Employees don’t always give their employers much notice that they need. Nor are they always specific.
Now the 7th Circuit Court of Appeals has issued a ruling that clarifies what’s expected of both employer and employee in such circumstances. The case is Righi v. SMC (No. 09-1775, 7th Cir., 2011).
Leave required boss approval
Robert Righi worked as a sales representative for SMC Corp. in Illinois. Righi, who usually worked from home, was required to check in daily with Louis King, his manager. Righi and King usually communicated by e-mail or via Righi’s company-issued cell phone.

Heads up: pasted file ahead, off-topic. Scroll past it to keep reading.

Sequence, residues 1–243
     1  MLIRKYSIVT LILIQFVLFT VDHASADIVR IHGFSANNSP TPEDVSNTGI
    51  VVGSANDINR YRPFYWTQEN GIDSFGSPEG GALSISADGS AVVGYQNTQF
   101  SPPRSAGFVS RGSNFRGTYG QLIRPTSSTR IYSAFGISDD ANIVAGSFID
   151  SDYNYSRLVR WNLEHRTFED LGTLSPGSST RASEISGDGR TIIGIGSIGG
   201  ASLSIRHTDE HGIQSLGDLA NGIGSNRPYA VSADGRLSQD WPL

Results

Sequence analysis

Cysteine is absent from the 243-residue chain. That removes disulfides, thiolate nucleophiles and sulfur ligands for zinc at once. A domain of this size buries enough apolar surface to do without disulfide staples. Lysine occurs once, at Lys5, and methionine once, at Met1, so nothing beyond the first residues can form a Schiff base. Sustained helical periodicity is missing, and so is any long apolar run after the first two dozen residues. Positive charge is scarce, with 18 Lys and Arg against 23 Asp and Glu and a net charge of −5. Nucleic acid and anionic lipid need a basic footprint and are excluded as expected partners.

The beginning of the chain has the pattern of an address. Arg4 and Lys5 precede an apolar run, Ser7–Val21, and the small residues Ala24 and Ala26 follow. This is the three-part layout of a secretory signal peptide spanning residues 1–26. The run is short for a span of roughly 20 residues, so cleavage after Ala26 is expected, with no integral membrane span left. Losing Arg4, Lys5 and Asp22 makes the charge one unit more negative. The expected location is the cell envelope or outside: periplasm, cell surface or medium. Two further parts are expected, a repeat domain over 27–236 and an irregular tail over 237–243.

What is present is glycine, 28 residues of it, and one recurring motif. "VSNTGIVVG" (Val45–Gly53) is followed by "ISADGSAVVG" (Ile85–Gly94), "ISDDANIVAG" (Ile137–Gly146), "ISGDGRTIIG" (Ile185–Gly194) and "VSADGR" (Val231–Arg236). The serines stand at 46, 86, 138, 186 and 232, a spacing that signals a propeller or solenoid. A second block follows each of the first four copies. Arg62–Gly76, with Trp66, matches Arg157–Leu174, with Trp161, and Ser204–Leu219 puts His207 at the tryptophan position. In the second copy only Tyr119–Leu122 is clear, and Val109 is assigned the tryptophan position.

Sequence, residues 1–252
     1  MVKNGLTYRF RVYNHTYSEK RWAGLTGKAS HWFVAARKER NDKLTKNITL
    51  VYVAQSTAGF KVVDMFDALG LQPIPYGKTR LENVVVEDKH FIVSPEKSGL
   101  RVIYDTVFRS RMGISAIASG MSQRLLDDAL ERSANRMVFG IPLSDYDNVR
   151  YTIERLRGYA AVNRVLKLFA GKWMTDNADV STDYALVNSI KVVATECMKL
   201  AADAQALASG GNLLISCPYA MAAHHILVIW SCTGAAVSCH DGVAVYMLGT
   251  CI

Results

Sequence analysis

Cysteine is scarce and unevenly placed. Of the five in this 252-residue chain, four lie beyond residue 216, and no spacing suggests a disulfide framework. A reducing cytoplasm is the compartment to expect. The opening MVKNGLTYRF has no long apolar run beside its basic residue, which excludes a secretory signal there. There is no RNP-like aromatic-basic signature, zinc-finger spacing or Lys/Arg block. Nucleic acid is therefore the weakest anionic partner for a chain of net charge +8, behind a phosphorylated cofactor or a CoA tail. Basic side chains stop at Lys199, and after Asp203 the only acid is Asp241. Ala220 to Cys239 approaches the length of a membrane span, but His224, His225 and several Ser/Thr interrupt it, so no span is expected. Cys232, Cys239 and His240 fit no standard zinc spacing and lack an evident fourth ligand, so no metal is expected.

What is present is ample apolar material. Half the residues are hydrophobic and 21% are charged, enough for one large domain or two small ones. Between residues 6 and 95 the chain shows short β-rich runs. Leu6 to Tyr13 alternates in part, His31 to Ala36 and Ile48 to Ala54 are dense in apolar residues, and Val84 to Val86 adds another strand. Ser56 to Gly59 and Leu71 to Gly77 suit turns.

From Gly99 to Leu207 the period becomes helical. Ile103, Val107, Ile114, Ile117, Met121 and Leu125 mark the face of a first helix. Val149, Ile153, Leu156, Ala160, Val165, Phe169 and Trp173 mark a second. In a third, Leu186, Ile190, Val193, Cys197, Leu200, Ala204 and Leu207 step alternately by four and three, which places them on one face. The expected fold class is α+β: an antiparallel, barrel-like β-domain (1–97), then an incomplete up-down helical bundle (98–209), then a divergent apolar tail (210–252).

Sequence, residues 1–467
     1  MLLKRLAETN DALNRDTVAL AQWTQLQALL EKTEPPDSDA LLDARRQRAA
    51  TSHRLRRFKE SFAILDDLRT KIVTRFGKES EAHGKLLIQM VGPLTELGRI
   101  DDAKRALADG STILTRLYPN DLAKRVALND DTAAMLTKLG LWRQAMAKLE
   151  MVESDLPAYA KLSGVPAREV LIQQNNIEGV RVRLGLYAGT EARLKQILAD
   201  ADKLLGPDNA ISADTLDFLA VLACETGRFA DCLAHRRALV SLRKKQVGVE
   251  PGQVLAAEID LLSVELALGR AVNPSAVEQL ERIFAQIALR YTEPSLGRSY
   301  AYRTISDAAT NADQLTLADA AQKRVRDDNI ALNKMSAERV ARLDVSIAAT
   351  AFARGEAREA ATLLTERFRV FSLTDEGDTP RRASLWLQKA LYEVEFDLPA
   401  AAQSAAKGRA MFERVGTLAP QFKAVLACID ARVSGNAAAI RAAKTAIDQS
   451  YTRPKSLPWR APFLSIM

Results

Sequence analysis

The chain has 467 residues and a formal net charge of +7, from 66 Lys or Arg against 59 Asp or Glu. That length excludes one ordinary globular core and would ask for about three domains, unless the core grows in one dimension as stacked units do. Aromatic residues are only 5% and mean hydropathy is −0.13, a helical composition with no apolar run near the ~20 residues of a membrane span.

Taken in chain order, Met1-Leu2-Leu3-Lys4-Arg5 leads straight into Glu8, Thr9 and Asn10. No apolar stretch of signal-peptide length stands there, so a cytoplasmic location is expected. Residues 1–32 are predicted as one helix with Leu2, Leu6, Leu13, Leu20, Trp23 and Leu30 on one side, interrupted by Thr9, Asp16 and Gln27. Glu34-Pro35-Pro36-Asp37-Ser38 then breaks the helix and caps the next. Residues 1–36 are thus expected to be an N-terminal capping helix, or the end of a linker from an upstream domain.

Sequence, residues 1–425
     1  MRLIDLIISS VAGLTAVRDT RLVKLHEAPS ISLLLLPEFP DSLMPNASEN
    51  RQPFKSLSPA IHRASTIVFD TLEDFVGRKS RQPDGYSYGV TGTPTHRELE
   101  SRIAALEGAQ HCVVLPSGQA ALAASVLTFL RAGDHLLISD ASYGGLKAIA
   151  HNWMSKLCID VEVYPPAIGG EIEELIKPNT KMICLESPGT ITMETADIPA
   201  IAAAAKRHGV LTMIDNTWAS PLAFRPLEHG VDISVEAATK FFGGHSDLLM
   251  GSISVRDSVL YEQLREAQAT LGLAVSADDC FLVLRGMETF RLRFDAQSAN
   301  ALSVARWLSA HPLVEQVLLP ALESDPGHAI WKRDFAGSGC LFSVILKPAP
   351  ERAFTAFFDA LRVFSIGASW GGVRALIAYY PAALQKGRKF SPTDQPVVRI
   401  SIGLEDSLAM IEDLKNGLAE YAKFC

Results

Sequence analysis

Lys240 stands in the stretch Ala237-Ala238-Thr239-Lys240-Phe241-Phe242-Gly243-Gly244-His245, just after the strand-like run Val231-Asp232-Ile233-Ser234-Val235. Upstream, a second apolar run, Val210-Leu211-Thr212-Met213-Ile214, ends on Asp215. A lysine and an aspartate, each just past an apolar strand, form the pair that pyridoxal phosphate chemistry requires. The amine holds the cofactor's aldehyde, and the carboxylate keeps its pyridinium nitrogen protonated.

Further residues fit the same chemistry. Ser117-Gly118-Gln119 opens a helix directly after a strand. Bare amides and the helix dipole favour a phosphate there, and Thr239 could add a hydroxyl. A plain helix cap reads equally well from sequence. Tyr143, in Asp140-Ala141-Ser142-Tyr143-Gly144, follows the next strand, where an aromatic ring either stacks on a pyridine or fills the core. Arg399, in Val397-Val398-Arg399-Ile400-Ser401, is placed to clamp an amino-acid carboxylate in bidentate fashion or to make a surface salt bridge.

Righi’s mother frequently needed medical attention and Righi often took leave to care for her.
SMC has a policy that requires employees to obtain a supervisor’s approval before taking leave. The company’s attendance policy says failing to report for work for two consecutive days without notifying a supervisor is grounds for termination....(register to read more)
- Warn supervisors: You may be individually liable under the FMLA
- You don't have to police workplace banter, but don't let it escalate
- Employees can't cry 'retaliation' if they're not eligible for leave
- Same job, new management: Are employees covered by the FMLA?
- Suspect doc is a 'certification specialist'? Ask for second and even third opinions